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Articles Home » 1989 Articles » Accept - 1989 Eat The Heat
Accept - 1989 Eat The Heat

ARTIST: Accept
ALBUM: Eat The Heat
SERIAL: EK 44368
YEAR: 1989
CD REISSUE: 2002, RCA/BMG, 74321 93211 2 (bonus tracks, remastered)


LINEUP: Wolf Hoffmann - guitars * Jim Stacey - guitars * Peter Baltes - bass * Stefan Kaufmann - drums * David Reece - vocals

TRACK LISTING: 01 XTC * 02 Prisoner * 03 Love Sensation * 04 Chain Reaction * 05 D-Train * 06 Generation Clash * 07 Turn The Wheel * 08 Mistreated * 09 Stand 4 What U R * 10 Hellhammer


This is of course the most controversial album of Accept's career, reason being the absence of original vocalist Udo Dirkschneider, who by the time of 'Eat The Heat's' release in 1989, had already recorded two solo albums, 'Animal House' and 'Mean Machine, while the remaining members of Accept struggled to find a replacement for the ubiquitous voice of the band. Initially ex Baby Tuckoo singer Rob Armitage was selected, but the British singer was soon deposed as not having the ideal voice for the band. I would dispute that decision, based on Armitage's powerful exhibitions on Baby Tuckoo's previous two classic albums, he certainly fitted the mould. Instead, American David Reece was chosen, formerly of Minneapolis based US rockers Dareforce. With another American, Jim Stacey, adding guitar, the album appeared doomed. Fans couldn't picture the band without Udo, plus the three year wait for a new album curtailed Accept's push to the upper leagues of the metal ranks.

The Songs
Opinions will always be divided on 'Eat The Heat', but it is a classy effort, with naturally more of an American feel than before. Reece's vocals easily made the grade and opener 'X-T-C-' is one of the best tracks of Accept's career. Reece's impassioned vocals contain as much grit as Udo, easily hitting the high notes. The traditional riffs were intact to a large degree as were the uniquely German backing vocals. All muscle and no cop out. 'Prisoner' rates as near AOR, easily fitting in with the majority of late 80's US Hard Rock acts, melodically faultless. 'Love Sensation' treads the same boards, usurped by the excitement of 'Chain Reaction' and its desperate hook. Metal heights are scaled with the rampant 'D-Train', which indicated Accept hadn't forgotten their roots, Hoffmann's solo is savage with Kaufmann's drumming giving the necessary urgency. 'Generation Clash' is a heady anthem that was later reworked on Accept's 1994 'Death Row', Party metal is included in the shape of 'Turn The Wheel', the rowdy chorus one of the best of its kind. 'Mistreated' has nothing to do with Deep Purple, but is a lengthy ballad in its own right, perhaps overlong. 'Hellhammer' is a primal slice of heavy metal, bludgeoning riffs hammering the point home and paired with the worthwhile likes of 'Stand 4 What U Are' and 'Break The Ice' complete a marvellous outing.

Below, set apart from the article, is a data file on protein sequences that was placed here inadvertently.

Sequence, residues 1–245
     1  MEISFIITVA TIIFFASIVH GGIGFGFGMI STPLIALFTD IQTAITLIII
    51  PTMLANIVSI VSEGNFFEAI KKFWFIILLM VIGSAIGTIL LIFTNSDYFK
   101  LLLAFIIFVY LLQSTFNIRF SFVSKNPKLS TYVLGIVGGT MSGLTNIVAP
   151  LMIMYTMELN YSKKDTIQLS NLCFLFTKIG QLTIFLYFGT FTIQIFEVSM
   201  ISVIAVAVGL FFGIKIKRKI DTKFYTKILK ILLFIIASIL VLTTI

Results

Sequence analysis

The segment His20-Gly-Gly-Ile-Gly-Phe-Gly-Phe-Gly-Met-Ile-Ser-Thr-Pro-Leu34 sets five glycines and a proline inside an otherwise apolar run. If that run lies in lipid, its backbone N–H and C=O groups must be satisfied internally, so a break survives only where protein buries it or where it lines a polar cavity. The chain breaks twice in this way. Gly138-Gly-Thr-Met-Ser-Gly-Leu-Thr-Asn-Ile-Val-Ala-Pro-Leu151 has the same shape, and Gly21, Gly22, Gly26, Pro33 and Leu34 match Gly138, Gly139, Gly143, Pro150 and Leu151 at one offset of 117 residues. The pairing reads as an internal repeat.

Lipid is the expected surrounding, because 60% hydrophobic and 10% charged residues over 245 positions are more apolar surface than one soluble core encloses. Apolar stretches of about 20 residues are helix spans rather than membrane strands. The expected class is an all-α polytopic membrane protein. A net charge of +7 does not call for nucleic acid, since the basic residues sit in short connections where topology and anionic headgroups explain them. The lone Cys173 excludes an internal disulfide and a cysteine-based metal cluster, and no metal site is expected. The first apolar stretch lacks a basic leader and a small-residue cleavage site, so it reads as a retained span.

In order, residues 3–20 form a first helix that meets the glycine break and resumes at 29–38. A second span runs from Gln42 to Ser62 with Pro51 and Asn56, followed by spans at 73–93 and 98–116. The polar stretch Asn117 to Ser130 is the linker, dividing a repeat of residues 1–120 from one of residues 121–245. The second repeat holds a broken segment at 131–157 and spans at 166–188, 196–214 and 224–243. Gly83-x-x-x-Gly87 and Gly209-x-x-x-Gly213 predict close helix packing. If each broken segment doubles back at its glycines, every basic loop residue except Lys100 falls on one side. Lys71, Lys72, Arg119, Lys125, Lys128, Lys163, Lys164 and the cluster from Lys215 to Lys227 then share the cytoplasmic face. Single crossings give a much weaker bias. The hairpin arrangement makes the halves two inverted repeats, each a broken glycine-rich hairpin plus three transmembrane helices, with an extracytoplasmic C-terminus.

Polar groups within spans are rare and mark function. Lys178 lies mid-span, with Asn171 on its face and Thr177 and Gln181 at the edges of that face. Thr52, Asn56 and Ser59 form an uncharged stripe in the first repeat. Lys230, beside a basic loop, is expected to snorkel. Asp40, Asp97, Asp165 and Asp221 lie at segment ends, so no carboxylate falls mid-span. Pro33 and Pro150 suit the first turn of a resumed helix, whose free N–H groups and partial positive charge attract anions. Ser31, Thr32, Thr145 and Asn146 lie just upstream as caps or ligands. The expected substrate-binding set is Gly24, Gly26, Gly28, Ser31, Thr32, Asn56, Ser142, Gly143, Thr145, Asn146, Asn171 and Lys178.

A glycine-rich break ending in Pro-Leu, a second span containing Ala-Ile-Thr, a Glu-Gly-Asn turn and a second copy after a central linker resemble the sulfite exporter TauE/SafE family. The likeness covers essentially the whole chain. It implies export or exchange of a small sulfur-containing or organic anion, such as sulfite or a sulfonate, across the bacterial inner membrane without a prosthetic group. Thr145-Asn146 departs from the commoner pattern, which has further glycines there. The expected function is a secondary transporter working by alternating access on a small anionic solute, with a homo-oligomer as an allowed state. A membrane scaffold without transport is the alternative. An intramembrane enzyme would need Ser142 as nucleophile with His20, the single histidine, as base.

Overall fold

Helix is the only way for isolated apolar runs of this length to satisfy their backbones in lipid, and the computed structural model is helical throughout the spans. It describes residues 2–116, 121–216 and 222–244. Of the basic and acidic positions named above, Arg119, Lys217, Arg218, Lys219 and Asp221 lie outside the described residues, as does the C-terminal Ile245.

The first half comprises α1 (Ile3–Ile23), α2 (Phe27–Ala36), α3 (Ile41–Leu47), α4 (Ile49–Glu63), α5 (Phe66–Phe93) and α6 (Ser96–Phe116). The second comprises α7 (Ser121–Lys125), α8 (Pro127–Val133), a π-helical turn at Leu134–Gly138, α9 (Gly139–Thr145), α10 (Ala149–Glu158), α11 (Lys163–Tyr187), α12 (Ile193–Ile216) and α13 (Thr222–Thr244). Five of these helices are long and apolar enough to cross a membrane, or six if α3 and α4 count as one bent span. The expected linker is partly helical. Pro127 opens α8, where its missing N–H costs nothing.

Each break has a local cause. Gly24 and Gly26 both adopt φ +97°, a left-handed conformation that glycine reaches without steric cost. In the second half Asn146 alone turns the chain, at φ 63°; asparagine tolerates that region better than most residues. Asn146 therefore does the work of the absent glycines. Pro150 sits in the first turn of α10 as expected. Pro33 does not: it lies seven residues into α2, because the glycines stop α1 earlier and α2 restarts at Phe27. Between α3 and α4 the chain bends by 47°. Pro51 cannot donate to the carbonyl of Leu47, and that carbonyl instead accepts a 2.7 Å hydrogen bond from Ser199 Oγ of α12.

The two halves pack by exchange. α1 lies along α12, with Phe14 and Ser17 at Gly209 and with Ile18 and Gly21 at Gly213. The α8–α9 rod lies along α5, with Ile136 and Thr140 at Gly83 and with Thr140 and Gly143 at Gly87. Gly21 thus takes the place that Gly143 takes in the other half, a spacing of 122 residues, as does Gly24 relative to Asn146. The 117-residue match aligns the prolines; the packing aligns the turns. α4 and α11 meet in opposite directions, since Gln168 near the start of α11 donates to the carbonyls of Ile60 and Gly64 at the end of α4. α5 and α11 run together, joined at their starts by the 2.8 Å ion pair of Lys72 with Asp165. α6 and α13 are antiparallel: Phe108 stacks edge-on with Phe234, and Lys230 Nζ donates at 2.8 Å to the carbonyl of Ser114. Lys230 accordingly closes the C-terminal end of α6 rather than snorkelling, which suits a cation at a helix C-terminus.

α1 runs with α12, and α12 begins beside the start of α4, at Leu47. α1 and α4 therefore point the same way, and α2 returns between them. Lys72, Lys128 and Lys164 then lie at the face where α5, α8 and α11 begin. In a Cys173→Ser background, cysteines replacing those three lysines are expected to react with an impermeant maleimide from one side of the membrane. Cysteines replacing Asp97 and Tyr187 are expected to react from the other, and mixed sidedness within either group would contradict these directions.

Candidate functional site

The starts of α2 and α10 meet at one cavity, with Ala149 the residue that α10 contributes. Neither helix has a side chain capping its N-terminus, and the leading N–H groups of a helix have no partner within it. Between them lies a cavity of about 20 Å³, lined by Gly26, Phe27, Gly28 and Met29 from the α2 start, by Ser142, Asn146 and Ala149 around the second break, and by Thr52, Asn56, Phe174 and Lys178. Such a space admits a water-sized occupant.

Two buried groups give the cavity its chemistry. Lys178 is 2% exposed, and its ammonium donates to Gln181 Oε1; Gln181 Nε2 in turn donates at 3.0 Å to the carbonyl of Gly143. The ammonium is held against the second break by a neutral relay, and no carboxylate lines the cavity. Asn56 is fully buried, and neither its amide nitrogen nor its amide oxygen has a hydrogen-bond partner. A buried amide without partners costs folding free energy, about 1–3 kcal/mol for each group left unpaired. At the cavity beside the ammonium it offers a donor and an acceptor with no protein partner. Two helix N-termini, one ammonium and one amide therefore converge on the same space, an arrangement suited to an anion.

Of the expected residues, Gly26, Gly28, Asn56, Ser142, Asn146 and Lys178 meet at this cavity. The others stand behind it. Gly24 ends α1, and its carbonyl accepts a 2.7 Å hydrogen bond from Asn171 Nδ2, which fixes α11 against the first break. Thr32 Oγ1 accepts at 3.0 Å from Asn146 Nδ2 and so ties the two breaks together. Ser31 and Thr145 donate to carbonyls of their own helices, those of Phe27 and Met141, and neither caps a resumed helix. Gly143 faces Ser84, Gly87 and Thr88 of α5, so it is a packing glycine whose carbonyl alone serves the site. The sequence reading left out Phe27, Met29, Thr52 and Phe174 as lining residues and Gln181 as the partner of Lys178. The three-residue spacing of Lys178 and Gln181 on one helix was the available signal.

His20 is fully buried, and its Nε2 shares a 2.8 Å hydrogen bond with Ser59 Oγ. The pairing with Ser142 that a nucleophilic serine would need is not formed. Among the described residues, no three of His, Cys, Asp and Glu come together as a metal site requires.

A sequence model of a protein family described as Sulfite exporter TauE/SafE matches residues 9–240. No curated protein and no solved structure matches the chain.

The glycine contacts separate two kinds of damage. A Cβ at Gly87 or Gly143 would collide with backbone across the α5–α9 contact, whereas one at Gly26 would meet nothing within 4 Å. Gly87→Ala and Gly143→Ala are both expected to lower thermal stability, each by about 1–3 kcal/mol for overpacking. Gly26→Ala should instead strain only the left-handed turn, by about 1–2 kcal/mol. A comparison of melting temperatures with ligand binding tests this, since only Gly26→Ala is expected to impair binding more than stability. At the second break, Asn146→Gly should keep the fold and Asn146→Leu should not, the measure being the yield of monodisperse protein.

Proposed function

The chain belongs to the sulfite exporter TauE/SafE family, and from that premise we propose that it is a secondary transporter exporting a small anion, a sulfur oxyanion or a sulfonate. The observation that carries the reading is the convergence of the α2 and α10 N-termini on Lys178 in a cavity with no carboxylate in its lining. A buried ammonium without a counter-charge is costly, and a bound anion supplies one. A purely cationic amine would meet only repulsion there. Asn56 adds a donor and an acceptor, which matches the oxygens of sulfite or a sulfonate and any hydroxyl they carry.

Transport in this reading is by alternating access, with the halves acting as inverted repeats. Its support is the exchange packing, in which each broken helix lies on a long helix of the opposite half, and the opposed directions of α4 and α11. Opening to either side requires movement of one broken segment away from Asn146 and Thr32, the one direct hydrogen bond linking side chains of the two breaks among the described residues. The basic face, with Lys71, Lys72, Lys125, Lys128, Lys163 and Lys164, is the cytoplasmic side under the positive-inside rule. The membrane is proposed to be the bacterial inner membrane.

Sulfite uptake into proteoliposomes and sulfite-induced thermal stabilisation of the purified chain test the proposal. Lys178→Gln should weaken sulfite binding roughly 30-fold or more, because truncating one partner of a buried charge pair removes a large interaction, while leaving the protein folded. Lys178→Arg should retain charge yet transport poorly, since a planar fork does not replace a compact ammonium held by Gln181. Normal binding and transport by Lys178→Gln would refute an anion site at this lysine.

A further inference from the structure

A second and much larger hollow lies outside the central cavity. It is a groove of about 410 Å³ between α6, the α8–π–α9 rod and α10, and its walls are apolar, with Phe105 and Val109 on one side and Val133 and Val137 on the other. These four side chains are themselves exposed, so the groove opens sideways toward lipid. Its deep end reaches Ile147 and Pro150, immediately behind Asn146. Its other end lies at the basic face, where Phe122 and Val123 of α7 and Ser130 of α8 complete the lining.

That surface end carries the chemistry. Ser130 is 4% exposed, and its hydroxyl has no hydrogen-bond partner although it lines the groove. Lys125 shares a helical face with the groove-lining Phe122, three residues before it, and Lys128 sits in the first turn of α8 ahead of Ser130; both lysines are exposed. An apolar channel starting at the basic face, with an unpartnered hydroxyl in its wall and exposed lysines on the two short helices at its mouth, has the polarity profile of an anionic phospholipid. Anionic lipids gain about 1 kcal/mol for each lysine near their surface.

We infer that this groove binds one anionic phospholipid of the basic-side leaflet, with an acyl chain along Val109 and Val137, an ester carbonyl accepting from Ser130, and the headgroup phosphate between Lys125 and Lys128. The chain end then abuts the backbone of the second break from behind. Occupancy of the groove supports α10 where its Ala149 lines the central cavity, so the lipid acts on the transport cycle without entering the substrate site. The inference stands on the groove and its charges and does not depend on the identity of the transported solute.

In Summary
Despite the albums merits it was never destined to work out and the band imploded on the resulting tour, with the famous fight between Reece and Baltes and Kaufmann's degenerative back condition leading to Ken Mary replacing him. Without Udo the fans weren't interested and the band disbanded shortly after the tour. A shame really, but hardly a surprise. Reece formed Bangalore Choir for an album, but has barely been hard from since, while the rest of Accept have reformed twice since the initial split, with Udo at the helm of course. Udo once sung his own version of 'X-T-C-' on an Accept tribute album, something I haven't heard, but a worthy salute to a track and album which deserves a better reputation than the one imposed upon it almost by force.

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#1 | sabace on April 05 2006 14:24:00
great rock lp totally under rated, a fave of mine . I mean you can't go wrong with tracks like opener x t c and generation clash!
#2 | Carlos Ramirez on September 03 2014 00:00:54
I love David Reece's vocals, but I never thought his inclusion in the Accept ranks worked for either party. That said, there are a couple of tracks on the album that I enjoy. Reece's work on the first Bangalore Choir, On Target, is recommended for fans of American-flavored AOR.
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